State Schools Superintendent Sherri Ybarra has no use for the statewide instructional management system that was sharply criticized Monday in a report by the state’s Office of Performance Evaluation.
Idaho poured $61 million into developing a technology-based statewide system that was to bring together student assessment, professional development, curriculum and other aspects of education that local districts could access.
But the system was plagued by “poor management, poor decisions and poor system functionality” said Rakesh Mohan, director of the Office of Performance Evaluation. The office evaluates state programs’ efficiency and cost effectiveness.
The J.A. and Kathryn Albertson Foundation, which put $21 million into the project, declined to comment.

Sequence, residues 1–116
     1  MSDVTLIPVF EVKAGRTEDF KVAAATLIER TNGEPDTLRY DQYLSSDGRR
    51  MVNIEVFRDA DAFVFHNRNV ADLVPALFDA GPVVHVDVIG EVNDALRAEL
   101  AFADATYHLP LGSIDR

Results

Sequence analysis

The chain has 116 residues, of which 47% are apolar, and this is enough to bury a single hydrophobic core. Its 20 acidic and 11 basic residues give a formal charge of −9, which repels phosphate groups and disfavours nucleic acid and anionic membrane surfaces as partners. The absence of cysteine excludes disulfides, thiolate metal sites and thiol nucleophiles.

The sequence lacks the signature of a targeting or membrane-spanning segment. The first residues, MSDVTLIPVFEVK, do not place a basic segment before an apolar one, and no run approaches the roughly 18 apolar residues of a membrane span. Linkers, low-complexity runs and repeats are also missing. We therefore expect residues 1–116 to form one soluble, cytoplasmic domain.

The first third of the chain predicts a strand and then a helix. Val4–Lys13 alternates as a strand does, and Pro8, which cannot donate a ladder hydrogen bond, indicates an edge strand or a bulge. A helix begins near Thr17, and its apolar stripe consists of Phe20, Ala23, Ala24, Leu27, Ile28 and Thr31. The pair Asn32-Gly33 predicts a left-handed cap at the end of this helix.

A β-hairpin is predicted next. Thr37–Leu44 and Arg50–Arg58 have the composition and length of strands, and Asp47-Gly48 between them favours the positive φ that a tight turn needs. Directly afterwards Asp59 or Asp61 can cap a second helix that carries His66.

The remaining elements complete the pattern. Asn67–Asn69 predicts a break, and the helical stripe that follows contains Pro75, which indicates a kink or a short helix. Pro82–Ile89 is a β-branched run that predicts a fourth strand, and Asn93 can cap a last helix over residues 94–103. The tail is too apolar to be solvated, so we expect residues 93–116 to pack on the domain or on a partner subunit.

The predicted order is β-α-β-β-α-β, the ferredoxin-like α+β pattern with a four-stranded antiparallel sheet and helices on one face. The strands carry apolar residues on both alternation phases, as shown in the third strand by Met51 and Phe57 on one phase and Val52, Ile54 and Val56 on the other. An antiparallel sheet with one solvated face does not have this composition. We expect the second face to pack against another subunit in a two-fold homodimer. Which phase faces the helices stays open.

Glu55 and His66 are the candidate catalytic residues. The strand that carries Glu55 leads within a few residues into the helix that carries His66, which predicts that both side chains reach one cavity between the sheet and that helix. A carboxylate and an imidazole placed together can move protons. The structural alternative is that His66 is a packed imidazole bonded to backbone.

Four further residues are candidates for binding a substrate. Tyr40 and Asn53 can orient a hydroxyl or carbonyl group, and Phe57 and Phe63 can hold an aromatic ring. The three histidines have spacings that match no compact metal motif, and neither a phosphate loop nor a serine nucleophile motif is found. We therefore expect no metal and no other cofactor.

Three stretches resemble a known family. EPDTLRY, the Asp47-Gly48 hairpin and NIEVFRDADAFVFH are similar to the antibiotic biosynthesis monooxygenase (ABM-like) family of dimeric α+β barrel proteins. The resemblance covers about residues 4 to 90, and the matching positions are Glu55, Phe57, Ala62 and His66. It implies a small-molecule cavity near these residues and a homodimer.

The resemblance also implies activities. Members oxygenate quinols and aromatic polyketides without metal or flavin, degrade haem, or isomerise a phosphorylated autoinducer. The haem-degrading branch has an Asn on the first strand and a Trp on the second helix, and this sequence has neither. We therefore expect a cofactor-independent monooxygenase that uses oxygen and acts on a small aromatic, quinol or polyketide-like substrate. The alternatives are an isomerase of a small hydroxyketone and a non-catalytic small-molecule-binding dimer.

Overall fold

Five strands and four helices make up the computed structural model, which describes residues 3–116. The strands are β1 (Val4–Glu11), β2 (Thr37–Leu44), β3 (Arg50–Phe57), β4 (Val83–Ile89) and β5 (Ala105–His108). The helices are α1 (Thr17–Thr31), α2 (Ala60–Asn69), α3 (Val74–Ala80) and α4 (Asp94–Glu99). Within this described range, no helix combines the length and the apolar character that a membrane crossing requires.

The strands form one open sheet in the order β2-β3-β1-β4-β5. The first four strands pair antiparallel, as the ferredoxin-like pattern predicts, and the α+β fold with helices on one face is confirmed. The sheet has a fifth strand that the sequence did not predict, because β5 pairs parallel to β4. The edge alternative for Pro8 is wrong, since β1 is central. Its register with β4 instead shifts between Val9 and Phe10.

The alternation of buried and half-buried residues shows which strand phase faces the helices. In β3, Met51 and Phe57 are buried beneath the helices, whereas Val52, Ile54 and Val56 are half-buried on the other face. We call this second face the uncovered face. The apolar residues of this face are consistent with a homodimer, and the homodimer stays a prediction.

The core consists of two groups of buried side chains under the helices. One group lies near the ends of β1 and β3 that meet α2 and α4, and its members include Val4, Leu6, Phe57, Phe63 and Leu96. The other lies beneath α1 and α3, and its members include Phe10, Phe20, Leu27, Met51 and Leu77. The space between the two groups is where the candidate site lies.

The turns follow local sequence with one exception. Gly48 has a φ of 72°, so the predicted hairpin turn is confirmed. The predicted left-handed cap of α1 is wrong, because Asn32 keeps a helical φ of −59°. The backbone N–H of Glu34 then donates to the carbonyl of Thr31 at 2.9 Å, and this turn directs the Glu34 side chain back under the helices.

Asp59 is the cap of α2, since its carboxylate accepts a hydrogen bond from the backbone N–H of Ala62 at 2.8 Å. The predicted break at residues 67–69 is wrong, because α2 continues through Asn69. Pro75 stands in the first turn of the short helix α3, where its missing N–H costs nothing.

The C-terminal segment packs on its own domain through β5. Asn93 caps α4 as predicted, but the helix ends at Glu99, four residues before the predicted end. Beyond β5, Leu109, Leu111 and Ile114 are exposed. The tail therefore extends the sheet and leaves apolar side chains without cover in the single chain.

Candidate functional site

Idaho’s statewide Schoolnet system, already in place when Ybarra took office in January, runs counter to her belief that districts need to chart their own course to improved education for students, including using their own instructional management system.
Even before the latest criticism against the statewide system, Ybarra said she wanted to dump it.
“That’s the plan,” she told the Idaho Statesman in an interview several days ago.
Instead, she wants to provide resources for districts to operate their own management systems.
“It’s the same concept,” she said. “It’s just not centralized.”
Ybarra’s budget this year reduces money for Schoolnet from $2.5 million to $985,000. That money would go to districts that want to keep Schoolnet as their in-house instructional management system. For the rest of the school districts, Ybarra wants $2.6 million to help them provide a system that meets their own needs.